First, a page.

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The United States Food and Drug Administration has approved Abecma (idecabtagene vicleucel), a cellular gene therapy to treat adult patients with multiple myeloma who have not responded or whose disease has come back after at least four lines of treatment ( different types). . Abecma is the first FDA-approved cell gene therapy for the treatment of multiple myeloma.
“The FDA remains committed to advancing new treatment options for areas where patient needs are not being met,” said Peter Marks, MD, Ph.D., director of the Center for Clinical Assessment and Research. FDA biologics. “While there is no cure for multiple myeloma, the long-term outlook may vary depending on the age of the individual and the stage of the disease at the time of diagnosis. Today’s approval offers a new treatment option for patients with this rare type of cancer. ”
Multiple myeloma is a rare type of cancer of the blood in which abnormal plasma cells build up in the bone marrow and form tumors in many bones of the body. This disease prevents the bone marrow from making enough healthy blood cells, which can lead to low blood counts. Myeloma can also damage bones and kidneys and weaken the immune system. The exact cause of multiple myeloma is unknown. According to the National Cancer Institute, myeloma accounted for about 1.8% (32,000) of all new cancer cases in the United States in 2020.
Abecma is an autologous chimeric antigen receptor (CAR) T cell therapy directed by B cell maturing antigen (BCMA). Each dose of Abecma is a personalized treatment created using a patient’s own T cells, which are a type of white blood cell, to help fight myeloma. The patient’s T cells are collected and genetically engineered to include a new gene that facilitates targeting and destruction of myeloma cells. Once the cells are changed, they are reinjected into the patient.
The safety and efficacy of Abecma have been established in a multicenter study in 127 patients with relapsed myeloma (myeloma that comes back after treatment ends) and refractory myeloma (myeloma that does not respond to treatment), which have received at least three lines of anti-myeloma therapy. . About 88% of the patients in the study group had received at least four lines of anti-myeloma treatment. Overall, 72% of patients partially or completely responded to treatment. Of those studied, 28% of patients experienced a complete response – or all signs of multiple myeloma disappeared – to Abecma, and 65% of this group remained in complete response to treatment for at least 12 months.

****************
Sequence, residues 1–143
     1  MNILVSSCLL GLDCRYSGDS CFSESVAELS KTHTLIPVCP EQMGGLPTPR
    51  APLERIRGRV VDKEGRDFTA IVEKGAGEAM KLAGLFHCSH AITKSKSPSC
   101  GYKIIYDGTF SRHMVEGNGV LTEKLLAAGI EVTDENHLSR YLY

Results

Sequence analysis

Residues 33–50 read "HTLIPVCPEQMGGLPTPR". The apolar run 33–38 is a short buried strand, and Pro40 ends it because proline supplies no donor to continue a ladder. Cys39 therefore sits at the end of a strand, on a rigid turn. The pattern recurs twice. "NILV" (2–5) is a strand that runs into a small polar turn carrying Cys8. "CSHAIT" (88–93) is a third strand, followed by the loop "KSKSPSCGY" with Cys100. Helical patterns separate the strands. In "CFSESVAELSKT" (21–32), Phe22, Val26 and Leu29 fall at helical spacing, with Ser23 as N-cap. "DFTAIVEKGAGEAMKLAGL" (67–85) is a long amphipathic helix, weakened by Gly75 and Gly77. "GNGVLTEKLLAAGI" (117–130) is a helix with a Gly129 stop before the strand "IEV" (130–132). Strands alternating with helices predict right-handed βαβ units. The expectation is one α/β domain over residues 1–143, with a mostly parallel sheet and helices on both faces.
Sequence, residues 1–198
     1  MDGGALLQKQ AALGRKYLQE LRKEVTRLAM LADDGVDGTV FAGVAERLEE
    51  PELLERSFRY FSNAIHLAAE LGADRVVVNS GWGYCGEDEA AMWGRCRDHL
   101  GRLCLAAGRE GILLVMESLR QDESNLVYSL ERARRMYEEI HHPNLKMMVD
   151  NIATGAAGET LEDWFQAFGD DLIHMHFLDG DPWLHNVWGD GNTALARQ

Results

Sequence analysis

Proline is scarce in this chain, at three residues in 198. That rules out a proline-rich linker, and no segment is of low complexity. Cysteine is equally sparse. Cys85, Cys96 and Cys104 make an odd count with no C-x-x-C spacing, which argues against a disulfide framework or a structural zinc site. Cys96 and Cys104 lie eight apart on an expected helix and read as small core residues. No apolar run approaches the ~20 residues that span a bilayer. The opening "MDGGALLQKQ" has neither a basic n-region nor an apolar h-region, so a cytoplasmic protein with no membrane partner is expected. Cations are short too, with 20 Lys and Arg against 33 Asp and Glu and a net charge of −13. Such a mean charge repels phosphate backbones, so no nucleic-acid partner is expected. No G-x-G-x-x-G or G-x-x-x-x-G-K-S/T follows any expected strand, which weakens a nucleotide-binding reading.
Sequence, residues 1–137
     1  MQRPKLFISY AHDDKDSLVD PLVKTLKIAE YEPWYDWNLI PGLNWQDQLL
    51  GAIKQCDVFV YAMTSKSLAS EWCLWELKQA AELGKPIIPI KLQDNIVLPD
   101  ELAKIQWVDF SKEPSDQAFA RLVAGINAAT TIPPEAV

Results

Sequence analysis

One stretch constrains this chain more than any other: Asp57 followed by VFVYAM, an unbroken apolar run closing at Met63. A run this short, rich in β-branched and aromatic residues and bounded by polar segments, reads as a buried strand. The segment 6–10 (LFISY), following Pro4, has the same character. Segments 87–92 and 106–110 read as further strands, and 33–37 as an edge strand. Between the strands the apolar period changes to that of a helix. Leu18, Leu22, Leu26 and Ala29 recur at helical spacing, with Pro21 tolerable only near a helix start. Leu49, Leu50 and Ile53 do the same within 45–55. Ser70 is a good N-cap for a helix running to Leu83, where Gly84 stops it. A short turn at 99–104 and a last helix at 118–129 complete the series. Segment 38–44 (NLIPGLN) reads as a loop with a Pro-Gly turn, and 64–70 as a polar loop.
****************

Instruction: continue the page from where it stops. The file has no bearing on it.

Treatment with Abecma can cause serious side effects. The label carries a boxed warning for cytokine release syndrome (CRS), hemophagocytic lymphohistiocytosis / macrophage activation syndrome (HLH / MAS), neurological toxicity and prolonged cytopenia, all of which can be fatal or potentially fatal. . CRS and HLH / MAS are systemic responses to activation and proliferation of CAR-T cells causing high fever and flu-like symptoms, and prolonged cytopenia is a drop in the number of a certain type of blood cells for a long time. The most common side effects of Abecma include CRS, infections, fatigue, musculoskeletal pain, and a weakened immune system. Side effects from treatment usually appear within the first one to two weeks after treatment, but some side effects may occur later. Patients with multiple myeloma should consult their healthcare professionals to determine if Abecma is an appropriate treatment for them.
Due to the risk of CRS and neurological toxicities, Abecma is in the process of being approved with a risk assessment and mitigation strategy that includes elements to ensure safe use. The FDA requires that hospitals and associated clinics that dispense Abecma be specially certified and that personnel involved in prescribing, dispensing or administering Abecma be trained to recognize and manage CRS and nervous system toxicities and other side effects of Abecma. In addition, patients should be informed of the potential serious side effects and the importance of returning to the treatment site promptly if any side effects develop after receiving Abecma.
To further assess long-term safety, the FDA is also asking the manufacturer to conduct a post-market observational study involving patients treated with Abecma.
Abecma has obtained Orphan Drug and Breakthrough Therapy designation by the FDA. The orphan drug designation provides incentives to help and encourage drug development for rare diseases. The designation of breakthrough therapy is a process designed to accelerate the development and review of drugs to treat serious disease and preliminary clinical evidence indicates that the drug may demonstrate substantial improvement over available therapy on one or more parameters. clinically significant. The breakthrough therapy designation was granted based on the sustained responses seen in patients with relapsed and refractory myeloma.
Drugs approved under accelerated programs, such as the Breakthrough Therapy designation, are subject to the same approval standards as all other FDA approvals.
The FDA granted Abecma approval to Celgene Corporation, a Bristol Myers Squibb company.
The FDA, an agency of the US Department of Health and Human Services, protects public health by ensuring the safety, efficacy, and safety of human and veterinary drugs, vaccines and other biologicals for human use, and medical devices . The agency is also responsible for the safety and security of the food supply, cosmetics, dietary supplements, products that emit electronic radiation, and the regulation of tobacco products.